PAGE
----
In our investigations, we were looking for suitable sample material for laboratory tests which could give information about the original surfaces of the furniture. The surfaces were closely scanned beforehand with a scalpel and a head-worn magnifier. We used the parts of the surface where the topcoat had already been flaked. We had to avoid creating new large modifications because the furniture was still being presented in the permanent exhibition. The furniture’s preliminary examination had shown that there was a red lacquer-finish underneath all the overcoats. In small areas, it even showed through the gloss. To further validate the results, a wood sample was taken from each of the cabinets in order to have a cross section made and to examine the build-up of layers. the layers’ build-up. It turned out that on the top of a cabinet’s door frame an original drop of varnish had dried and had not been removed. The samples were sent to a scientific laboratory.
During the preliminary examinations it was already visually clear that one of the four cabinets (D) would not have comparable surfaces. Only a brown oil paint could be found under the overcoat on the body and doors. This was probably a later approximation of the other cabinets’ red lacquer finish. This adaptation attempt underlined, however, the already aged or soiled condition of the original surfaces. We therefore assumed, as mentioned earlier, that this cabinet was added by the museum. The study of its surfaces was postponed for the time being.
By the examinations the following could be worked out: There is a thin layer of lead white paint on the wood as a primer. On top of this lies one or more layers of an oil paint of red ochre, applied thinly. As binders, drying oil and conifer resin or colophony were detected in each case. Unfortunately, the topcoat was no longer visible in the samples. The sample of an undamaged varnish residue of Cabinet C clearly showed an oil varnish from a drying oil and Manila copal.
Comparative overview of the analysis results for the layer structure of
the original surfaces
lead protein (oil-bound)
lead protein (oil-bound)
lead protein, barite white (oil)
burnt ochre (red) - oil-bound
burnt ochre (red) - oil-bound
burnt ochre (red) - oil-bound
Single sample topcoat: drying oil, Manila copal
These results can be clearly interpreted into a logical structure of a user interface. This consisted essentially of a three-layer system (primer, pigmented varnish, topcoat). The fact that the original surface was finished with a clear topcoat is shown by the layers found on the top of the door frame. Further investigations would be necessary here, but within the framework of the project we were only able to carry out a certain number of tests. It would be good to find a reference surface and expose it in order to obtain a color impression and the body of the paint. A visual comparison of the surfaces would then be possible. The choice of these materials alone makes it clear, that the paint surface was definitely determined by gloss.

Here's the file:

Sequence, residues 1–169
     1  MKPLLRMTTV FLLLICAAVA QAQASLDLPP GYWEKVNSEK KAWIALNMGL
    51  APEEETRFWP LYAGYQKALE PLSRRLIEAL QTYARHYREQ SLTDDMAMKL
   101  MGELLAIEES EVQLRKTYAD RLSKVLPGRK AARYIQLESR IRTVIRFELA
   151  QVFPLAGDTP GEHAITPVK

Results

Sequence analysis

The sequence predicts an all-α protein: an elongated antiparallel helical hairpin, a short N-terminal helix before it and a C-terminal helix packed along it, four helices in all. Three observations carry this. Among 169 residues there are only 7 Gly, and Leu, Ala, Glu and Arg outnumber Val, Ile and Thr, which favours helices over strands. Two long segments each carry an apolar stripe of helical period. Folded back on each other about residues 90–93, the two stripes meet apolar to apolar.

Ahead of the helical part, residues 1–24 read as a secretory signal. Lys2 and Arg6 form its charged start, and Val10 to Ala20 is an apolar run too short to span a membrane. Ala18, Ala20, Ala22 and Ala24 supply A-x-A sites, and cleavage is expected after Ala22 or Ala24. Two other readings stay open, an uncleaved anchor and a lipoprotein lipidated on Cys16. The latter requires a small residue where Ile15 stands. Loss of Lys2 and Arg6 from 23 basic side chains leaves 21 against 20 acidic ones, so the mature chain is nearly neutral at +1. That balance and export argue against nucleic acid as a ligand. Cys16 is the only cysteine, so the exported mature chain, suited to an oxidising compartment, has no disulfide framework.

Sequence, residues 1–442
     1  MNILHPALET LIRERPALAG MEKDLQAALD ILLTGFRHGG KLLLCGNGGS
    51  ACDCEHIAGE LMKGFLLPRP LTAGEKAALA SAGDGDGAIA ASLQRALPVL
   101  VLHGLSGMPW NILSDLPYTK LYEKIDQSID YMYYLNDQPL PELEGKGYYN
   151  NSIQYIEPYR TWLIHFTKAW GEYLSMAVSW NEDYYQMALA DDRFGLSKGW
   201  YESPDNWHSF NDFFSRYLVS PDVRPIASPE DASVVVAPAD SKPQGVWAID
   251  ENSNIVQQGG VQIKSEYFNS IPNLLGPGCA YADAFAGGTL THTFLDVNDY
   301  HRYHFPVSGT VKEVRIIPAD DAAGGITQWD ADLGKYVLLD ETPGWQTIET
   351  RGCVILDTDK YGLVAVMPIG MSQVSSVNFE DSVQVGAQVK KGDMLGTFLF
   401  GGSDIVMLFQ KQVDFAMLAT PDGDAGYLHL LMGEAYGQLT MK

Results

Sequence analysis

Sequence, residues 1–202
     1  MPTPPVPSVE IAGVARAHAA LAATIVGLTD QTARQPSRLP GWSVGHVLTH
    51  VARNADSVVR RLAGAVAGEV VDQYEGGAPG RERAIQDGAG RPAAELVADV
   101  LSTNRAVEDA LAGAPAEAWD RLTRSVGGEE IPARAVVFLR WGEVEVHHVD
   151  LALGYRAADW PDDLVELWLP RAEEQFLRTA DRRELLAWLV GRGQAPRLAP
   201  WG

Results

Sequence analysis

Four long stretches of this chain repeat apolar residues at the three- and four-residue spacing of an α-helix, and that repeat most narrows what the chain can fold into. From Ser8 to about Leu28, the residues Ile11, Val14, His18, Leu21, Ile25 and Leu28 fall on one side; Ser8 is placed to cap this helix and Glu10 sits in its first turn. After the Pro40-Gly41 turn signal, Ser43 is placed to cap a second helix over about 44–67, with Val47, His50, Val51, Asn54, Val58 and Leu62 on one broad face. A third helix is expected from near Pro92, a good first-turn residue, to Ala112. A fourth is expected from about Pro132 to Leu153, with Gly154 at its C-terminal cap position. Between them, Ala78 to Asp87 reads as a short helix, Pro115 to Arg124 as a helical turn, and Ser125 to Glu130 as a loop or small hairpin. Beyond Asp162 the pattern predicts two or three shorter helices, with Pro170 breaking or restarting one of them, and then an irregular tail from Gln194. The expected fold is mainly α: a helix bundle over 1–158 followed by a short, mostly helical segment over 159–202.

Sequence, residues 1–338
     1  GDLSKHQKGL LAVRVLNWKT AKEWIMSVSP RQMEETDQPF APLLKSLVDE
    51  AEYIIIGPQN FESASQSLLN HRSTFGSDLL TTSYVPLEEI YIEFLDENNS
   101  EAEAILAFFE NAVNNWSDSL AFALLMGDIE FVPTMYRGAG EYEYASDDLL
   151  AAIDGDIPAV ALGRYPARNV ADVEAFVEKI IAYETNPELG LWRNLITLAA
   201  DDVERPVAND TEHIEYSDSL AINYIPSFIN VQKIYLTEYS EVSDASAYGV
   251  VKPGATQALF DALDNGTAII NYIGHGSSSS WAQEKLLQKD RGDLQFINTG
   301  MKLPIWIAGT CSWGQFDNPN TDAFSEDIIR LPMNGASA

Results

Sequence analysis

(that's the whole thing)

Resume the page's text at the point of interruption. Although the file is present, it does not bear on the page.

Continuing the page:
Historical sources provided useful material to compare the analysis findings with present-day formulas and instructions. Heinrich Friedrich August Stoeckel’s Handbook for Artists, Lovers of Lacquer, and Oil Painters (Nuremburg 1799) described for instance this kind of “magnificent and still quite secret lacquer, which is quite similar in color to mahogany” that was used for the majolica cabinets. He details the production of the paint from burnt ochre (red), which he then rubs into the amber varnish. A well-filtered part of this mixture is again subjected to the amber varnish and then applied thinly on the wood like a stain. After drying, horsetail is used for sanding and a new application can be carried out. These explanations are essentially in line with the examinations’ results. Our research within the project on Goethe’s cabinets revealed that under the overcoating of not only the majolica cabinets, but also most of the coin and medal cabinets as well as the artistic cabinets kept in the poet’s residence, was a red lacquer finish.
In summary, it can be said that it was rather important to Goethe that the cabinets left a high-quality impression, even though they were largely made of timber. The existing idea that Goethe did not place any importance on his furniture and only chose simple repositories to display his collection objects, can no longer be justified. With the materials and technology used, a high-quality surface character was created both aesthetically and for practical use. This is also confirmed by their elaborate and thoughtful construction. Of course, the cabinets cannot be compared to mahogany furniture that one could at the time find in courtly spheres, but they were by no means as simple as they are today. Goethe’s collection furniture fitted the image of a well-off bourgeois household. In addition, surrogates such as the glaze on mahogany in Goethe’s time were not negatively connoted, but were on the contrary quite fashionable as handbooks at the time indicate. What we see today in the Goethe House is a modest presentation of the historical idea of the furniture.